The Spectre of Taste: Lebel, Lind, Demoč

Saturday 15 July 2023

You don’t have to be original to be good, but the experimental allows a certain leeway while anything that tends to the conventional in substance runs the risk of setting down its foundations on the shifting sands of taste. I’ve been listening to field studies, a collection of pieces by composer Emilie Cecilia LeBel, and while much of the writing is admirably spare (in evaporation, blue the pianist adds notes on a harmonica in lieu of detail to fill out the bare structure of the piece) or impressively sonorous (even if nothing but shapes and light reflected in the glass conjures up a moody horn section from solo alto flute and baritone sax, aided by tranducers attached to drums), I kept hearing moments where the music tripped over itself. It sounds like LeBel wants her music to be expressive, but then feels obliged to justify that impulse with dramatic flourishes to rationalise the seriousness of her intentions. These flourishes follow popular taste and so resemble moments of movie music, probably meant to be stirring but serving more as distracting lapses in the work’s solidity.

Or I’m just not a very sophisticated listener and I need novelty as a hook on which to hang my perceptions. At the All That Dust launch concert a few weeks back I heard Mark Knoop performing a realisation of Rósa Lind’s piano cycle Trente, completed (or at least last added to) early this year. Trente is itself part of a larger cycle of four compositions (so far?) collectively titled Kandinsky Kunstwerke, three of which are recorded on Lind’s new All That Dust CD. I’d listened to Knoop’s recording of Trente once before the concert and several times since, and I’m only just starting to hear what’s in it. Made from thirty short movements taking up a little under forty minutes, their number, brevity and variability of ordering imply a kaleidoscopic array of highly changeable moments without a focal point; yet there’s a fixity in the overall composition, attributable jointly to Lind’s conceptual framework and Knoop’s holistic comprehension of the forces in play. I read the sleeve notes and came away bamboozled by the invocation of Kandinsky and the immediate association with Galilean astronomy throughout each piece. My understanding was of little more than the music having been produced through extensive labours on a conspiracy board of themes, with what we hear being a manifestation of a highly concentrated tangle of allusions oversaturated with meaning to the point that comprehension becomes extremely difficult, or perhaps impossible. Lind manages to subsume the ontological stress of her subject with a musical language that appears relatively untroubled, even as it is highly charged: not as jarringly discrete as Messiaen’s piano cycles, nor as outlandish as Georges Lentz’s cosmological divinations; which is another way of saying, surprisingly tasteful.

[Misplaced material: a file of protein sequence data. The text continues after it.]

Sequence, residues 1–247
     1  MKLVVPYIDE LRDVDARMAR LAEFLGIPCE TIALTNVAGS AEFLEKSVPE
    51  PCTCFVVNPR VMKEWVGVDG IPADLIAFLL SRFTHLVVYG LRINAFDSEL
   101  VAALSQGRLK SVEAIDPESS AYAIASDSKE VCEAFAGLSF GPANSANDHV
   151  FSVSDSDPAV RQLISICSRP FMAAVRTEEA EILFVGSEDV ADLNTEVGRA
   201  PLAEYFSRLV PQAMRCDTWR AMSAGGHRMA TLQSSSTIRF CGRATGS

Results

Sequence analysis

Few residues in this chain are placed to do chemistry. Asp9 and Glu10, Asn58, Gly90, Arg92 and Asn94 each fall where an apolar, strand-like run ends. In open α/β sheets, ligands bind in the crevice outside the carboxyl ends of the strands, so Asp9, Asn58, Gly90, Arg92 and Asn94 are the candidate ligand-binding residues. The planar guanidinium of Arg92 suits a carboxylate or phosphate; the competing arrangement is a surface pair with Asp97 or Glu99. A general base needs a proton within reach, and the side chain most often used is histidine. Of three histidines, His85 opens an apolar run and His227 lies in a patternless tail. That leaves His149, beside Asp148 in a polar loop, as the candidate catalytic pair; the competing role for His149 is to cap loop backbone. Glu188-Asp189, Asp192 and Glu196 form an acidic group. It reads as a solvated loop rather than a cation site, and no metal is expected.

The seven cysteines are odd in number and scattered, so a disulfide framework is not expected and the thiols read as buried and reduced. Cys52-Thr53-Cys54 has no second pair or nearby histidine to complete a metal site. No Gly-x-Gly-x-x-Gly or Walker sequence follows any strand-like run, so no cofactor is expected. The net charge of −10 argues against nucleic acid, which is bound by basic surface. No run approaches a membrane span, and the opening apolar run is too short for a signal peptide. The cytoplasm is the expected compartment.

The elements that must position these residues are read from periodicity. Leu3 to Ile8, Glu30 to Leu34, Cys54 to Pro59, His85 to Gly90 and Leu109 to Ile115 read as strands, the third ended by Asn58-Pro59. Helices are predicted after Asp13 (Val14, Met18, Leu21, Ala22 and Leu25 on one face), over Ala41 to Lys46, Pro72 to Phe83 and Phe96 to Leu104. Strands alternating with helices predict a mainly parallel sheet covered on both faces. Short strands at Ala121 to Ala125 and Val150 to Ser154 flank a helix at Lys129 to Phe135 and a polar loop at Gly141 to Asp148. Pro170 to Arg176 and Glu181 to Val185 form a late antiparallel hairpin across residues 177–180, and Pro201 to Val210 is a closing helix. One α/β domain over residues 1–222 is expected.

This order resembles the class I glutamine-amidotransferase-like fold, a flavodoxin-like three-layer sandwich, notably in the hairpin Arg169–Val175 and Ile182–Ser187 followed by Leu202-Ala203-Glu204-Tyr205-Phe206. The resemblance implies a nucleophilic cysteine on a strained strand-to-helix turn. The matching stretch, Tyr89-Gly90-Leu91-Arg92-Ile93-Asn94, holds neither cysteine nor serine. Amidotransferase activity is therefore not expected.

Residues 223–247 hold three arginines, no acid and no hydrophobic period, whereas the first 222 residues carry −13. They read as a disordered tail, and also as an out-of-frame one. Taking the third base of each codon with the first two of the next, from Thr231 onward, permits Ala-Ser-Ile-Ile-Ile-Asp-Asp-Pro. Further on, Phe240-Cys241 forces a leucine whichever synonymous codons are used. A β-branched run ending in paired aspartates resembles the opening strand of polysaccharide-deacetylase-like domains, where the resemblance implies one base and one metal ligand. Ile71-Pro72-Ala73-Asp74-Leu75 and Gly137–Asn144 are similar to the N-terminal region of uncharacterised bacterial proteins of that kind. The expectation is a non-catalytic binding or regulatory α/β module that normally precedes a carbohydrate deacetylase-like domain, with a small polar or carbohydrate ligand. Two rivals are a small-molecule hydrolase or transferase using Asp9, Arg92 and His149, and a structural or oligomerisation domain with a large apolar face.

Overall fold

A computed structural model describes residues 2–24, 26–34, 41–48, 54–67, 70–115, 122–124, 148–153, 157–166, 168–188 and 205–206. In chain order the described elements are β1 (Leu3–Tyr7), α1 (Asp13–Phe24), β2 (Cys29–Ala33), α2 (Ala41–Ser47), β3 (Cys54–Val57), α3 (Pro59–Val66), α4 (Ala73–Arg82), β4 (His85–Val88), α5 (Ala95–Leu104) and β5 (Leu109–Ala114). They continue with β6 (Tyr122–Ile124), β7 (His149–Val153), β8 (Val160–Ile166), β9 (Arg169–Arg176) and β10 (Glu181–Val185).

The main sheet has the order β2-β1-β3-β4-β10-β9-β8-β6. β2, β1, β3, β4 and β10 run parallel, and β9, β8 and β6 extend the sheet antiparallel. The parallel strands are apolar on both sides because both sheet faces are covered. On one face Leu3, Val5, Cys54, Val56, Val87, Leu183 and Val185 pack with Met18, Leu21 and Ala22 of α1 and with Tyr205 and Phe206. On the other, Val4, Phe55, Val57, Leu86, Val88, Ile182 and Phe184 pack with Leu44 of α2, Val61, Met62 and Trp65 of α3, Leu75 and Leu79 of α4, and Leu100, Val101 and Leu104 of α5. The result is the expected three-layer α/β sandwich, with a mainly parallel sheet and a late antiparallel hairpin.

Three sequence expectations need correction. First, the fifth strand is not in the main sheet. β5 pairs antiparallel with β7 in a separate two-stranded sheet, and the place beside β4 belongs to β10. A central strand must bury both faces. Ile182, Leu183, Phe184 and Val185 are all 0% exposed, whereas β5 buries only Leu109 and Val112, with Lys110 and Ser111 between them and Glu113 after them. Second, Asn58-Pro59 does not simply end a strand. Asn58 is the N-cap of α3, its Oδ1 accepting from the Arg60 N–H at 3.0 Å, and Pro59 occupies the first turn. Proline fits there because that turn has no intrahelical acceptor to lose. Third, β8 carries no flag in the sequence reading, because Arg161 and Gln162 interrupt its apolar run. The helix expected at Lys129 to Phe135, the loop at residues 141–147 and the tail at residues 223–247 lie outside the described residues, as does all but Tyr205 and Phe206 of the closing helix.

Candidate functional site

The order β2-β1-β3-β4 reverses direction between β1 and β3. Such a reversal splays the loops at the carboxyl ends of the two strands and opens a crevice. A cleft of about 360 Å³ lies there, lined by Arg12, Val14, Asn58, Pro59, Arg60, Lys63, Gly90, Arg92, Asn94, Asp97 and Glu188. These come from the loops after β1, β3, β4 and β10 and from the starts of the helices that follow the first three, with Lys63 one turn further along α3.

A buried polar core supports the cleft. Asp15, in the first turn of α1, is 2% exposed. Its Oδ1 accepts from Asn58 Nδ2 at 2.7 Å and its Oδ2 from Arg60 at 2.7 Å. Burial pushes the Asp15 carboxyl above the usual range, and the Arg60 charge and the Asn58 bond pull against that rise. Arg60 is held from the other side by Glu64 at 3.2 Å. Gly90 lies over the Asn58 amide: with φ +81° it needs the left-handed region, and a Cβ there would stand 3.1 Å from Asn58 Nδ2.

The other two pieces from the Kandinsky Kunstwerke cycle presented here were recorded in Australia about ten years ago. They are also solos, but with additional electronics. Cellist Geoffrey Gartner gives a lean but ominous tone to Extrema: A Galilean Sarabande and Laura Chislett gives what resembles a character piece in the tightly virtuosic flute solo Courbe dominante. I’ve focused more on Trente here as it provides a key to interpreting the other works, but the two shorter works are more immediately accessible, conveying urgency through a compressed lyricism. The electronic and other elements are inaudible for the most part, with both pieces experiencing a sudden, anomalous disruption. Each piece makes a self-evident case for requiring repeated listening; having earned my respect I’ve started to become intrigued and may even be warming to them.

Over the last few years Adrián Demoč has been building up an impressive body of work on record. It’s entirely deserved, with each newly-heard work revealing more facets and shades of an individual, consistently beautiful compositional voice. There’s that appeal to taste again; Demoč appears to follow a muse of highly cultivated simplicity, in the manner of Howard Skempton or Morton Feldman but mimicking neither. Neha is his third CD on Another Timbre and presents two works for orchestra, allowing us to hear how he handles larger forces. As may be expected, it’s with a light touch. In both works the sound is soft and translucent, reducing the number of instruments wherever possible and still sounding intimate in the moments when playing tutti. The title of the 2018 work Neha in fact means ‘tenderness’. It holds a single moment and lingers over it for us to appreciate, seemingly in repose yet sustained by as little movement as necessitated by breathing. The unisons between instruments as they play simple chords gain a faint complexity by Demoč employing the differing timbres and means of producing notes to makes the edges of the pitches fuzz and leach out as the differing overtones mingle; a kind of micro-microtonality. The Slovak Radio Symphony Orchestra (Marián Lejava conducting) respect the composer’s urge for delicacy and calm in this live recording. The later work is Popínavá hudba, composed for the Ostrava New Music Days 2022 and heard here in a live recording with Petr Kotík conducting the Ostrava New Orchestra. It begins with a short, rising melodic fragment, particularly reminiscent of late Feldman, but follows its own path by quietly asserting its presence in a more organic than structured fashion, using subtle changes in colouration to motivate the nascent melody through almost imperceptible transformations. The orchestra maintains the same presence as a chamber ensemble would, but with much greater complexity below the surface. Towards the end there is a turn, and although it’s unexpected it still feels like it’s part of the larger design at work.